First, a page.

f7w5dgidhu52.png

    YES!!!! THIS!!!

    Absolutely! The running version would be something like -10 energy for running, -1000 every time I see someone approaching and my brain does the "should I acknowledge them or not/am I staring at them/are they staring at me/oh no they sort of blinked and I didn't acknowledge them do they think I'm rude" dance.
  • RunsOnEspresso
    RunsOnEspresso Posts: 3,208 Member
    RE: Introvert. I am Introvert with a side of shy. I only like talking to friends and family and even then it tires me. I loathe talking to strangers and I really hate when I have headphones in and people say hi or try to talk to me. No, just no.

    RE: Food. I have to have gu for long runs. I typically use 2 during a half, depends how I feel. It definitely gives me a boost of energy. I can do 8-9 training miles without (except lately - heat) but despite being a more conservative racer I still go out harder than training runs.
  • Orphia
    Orphia Posts: 7,097 Member
    Okay, answer a debate I have with a person in my running group. When running, the body diverts energy away from the digestive system and into our moving and working parts ( https://www.manhattangastroenterology.com/exercise-affects-digestion/ ). Does eating a small something during a long run really help?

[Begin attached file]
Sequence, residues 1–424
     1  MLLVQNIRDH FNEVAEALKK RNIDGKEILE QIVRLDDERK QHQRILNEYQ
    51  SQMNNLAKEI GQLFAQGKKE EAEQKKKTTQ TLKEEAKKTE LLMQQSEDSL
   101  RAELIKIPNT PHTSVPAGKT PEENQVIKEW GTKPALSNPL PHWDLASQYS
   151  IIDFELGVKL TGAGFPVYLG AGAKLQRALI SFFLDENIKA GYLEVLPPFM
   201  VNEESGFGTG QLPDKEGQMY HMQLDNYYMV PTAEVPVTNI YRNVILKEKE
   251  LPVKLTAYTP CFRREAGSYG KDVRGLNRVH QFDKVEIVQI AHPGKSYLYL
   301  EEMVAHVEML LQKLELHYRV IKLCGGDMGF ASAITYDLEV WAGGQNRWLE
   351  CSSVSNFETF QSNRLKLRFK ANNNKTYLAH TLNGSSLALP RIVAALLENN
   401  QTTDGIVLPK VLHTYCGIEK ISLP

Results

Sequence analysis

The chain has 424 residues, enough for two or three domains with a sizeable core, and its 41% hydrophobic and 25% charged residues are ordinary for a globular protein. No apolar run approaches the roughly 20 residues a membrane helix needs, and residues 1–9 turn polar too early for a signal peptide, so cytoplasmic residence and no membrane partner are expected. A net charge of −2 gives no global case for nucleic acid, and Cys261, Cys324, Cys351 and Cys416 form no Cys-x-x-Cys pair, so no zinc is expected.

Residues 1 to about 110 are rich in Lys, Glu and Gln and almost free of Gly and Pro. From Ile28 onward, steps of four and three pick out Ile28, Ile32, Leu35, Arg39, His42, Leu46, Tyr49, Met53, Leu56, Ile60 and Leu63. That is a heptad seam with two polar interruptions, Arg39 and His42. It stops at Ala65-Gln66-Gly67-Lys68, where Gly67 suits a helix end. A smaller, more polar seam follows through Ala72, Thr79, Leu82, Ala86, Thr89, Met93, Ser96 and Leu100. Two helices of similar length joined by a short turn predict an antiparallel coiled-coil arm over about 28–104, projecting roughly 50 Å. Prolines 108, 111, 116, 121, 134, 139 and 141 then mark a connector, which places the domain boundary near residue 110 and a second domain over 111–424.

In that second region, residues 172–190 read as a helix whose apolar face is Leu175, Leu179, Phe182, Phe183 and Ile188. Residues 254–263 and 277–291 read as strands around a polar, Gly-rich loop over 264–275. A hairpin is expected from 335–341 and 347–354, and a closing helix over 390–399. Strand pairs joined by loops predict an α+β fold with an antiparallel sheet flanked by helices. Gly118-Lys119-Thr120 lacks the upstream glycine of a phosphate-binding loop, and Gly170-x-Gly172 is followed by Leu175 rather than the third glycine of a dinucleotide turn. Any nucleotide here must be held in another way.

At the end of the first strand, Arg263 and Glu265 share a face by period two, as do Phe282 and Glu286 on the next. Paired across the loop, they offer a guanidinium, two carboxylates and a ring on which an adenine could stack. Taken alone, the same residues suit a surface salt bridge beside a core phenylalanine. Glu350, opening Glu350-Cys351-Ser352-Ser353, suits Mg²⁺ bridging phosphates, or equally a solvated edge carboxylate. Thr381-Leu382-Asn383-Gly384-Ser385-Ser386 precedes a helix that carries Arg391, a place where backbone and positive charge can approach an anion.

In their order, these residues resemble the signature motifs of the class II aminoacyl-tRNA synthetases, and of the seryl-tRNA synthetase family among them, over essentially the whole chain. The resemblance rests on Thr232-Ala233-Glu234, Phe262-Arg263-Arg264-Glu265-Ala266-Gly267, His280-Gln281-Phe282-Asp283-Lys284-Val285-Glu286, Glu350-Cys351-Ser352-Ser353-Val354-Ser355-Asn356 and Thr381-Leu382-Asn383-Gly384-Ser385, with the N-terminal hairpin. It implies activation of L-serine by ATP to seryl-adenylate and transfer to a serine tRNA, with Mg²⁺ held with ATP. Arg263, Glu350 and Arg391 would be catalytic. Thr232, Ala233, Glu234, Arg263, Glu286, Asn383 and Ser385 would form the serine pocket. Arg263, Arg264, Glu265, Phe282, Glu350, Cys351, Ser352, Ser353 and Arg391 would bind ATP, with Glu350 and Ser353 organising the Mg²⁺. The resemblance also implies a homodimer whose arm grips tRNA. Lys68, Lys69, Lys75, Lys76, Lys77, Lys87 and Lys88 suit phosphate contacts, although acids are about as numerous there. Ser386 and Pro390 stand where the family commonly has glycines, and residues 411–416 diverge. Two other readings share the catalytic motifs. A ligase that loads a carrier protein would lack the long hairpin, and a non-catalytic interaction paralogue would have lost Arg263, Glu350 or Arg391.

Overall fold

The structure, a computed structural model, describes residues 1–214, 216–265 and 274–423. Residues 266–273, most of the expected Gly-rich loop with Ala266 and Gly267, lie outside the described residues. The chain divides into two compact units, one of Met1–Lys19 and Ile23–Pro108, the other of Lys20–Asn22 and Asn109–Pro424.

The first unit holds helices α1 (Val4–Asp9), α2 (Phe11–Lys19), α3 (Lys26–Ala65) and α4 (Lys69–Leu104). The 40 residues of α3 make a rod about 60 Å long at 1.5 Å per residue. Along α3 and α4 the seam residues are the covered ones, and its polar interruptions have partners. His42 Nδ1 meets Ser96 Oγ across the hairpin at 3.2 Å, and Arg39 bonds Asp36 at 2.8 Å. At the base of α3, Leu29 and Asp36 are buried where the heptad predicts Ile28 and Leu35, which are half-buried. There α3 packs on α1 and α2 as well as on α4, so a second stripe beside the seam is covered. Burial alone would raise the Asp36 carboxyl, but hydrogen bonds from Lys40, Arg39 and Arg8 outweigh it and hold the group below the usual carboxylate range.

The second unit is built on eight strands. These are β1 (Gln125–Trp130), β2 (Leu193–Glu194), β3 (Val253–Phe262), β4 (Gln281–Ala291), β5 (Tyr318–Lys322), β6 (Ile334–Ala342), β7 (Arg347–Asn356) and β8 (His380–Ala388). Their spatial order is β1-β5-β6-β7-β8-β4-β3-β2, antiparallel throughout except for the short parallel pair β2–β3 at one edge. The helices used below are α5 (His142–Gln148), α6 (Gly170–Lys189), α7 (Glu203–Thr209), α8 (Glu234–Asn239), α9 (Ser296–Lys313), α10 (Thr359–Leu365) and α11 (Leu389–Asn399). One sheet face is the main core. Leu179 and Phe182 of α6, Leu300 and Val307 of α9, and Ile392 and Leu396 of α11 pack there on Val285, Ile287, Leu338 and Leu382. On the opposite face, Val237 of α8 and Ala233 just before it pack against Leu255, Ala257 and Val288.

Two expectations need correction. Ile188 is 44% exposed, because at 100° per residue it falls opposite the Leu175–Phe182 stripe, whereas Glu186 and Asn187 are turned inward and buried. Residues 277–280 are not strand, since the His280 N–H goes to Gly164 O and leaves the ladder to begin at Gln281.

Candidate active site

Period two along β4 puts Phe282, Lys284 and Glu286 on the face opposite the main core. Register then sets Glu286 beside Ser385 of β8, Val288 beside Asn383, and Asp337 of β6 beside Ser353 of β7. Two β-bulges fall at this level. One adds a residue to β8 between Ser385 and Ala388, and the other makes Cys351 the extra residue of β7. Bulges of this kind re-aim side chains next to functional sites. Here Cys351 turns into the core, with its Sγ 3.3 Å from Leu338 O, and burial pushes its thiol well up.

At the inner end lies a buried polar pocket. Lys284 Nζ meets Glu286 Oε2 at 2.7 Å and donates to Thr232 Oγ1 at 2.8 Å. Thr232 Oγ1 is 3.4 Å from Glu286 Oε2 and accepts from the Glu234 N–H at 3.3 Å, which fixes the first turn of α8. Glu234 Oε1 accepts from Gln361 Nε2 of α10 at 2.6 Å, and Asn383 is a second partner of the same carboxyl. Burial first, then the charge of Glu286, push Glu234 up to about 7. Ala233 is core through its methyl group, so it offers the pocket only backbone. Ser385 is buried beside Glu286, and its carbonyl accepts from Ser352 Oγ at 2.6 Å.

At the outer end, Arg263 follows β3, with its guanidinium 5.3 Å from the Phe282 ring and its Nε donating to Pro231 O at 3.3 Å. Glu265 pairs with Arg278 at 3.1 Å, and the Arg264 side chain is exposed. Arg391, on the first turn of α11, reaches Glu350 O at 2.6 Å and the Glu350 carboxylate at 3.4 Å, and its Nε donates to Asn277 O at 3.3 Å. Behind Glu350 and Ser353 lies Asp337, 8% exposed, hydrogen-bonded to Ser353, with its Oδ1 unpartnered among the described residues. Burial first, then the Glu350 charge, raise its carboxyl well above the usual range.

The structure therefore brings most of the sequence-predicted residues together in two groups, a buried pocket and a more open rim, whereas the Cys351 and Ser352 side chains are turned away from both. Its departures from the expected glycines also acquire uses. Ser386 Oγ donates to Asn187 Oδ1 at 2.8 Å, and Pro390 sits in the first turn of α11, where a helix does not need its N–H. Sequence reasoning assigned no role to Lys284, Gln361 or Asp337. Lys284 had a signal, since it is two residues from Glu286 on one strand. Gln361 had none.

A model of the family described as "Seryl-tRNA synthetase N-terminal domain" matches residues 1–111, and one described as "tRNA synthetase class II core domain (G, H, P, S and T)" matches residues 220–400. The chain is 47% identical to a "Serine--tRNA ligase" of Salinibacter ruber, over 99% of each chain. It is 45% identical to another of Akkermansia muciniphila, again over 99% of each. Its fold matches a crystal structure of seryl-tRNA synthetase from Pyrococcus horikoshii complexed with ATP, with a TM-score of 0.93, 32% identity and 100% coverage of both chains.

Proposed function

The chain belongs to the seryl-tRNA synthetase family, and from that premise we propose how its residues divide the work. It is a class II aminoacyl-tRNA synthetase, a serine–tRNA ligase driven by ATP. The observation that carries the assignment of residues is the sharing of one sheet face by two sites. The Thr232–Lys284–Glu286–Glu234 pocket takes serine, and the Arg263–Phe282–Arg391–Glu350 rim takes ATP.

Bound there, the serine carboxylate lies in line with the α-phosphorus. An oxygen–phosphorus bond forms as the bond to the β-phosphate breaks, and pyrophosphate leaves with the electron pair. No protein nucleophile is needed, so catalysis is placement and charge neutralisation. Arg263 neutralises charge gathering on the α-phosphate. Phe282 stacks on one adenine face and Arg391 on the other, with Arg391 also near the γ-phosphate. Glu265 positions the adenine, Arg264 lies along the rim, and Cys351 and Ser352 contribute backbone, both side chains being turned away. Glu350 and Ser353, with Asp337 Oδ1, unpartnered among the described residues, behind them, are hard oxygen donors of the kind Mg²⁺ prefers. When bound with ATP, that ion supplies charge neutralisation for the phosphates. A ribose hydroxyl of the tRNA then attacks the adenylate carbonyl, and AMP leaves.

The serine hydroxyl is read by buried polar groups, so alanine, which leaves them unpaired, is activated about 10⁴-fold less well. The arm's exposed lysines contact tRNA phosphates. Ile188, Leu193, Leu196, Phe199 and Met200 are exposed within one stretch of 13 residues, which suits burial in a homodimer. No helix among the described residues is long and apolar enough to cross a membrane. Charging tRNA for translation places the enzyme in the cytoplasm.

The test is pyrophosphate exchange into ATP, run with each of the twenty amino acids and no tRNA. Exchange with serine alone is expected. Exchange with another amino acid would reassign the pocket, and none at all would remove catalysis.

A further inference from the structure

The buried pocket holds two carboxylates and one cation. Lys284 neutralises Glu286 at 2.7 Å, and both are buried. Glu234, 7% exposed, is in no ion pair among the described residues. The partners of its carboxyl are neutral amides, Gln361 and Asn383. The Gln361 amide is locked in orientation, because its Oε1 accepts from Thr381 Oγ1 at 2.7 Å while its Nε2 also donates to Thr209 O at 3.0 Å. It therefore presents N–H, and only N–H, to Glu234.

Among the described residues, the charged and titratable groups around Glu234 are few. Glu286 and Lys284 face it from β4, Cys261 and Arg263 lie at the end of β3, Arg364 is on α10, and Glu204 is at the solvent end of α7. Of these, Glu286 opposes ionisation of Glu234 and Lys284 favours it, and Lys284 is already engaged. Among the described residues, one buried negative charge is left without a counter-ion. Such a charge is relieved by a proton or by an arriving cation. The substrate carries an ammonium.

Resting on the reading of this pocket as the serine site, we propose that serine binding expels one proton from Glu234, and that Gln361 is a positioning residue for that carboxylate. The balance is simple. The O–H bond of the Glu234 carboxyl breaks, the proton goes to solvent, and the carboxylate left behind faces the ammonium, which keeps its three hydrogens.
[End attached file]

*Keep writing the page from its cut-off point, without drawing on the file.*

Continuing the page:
I never eat during a run because it upsets my stomach. I wake up early and eat something small (toast, banana, etc) an hour before a long run. I bring a diluted energy drink in my hydration belt for runs over 10 miles. I did not eat during my marathon last December except for one orange slice at mile 21. A few people in my running group (not all) are telling me that eating helps. They try to sell me on that Gu and shotblock stuff. I have never found this to be true. Food takes a while to digest even when the body is at rest. Thoughts?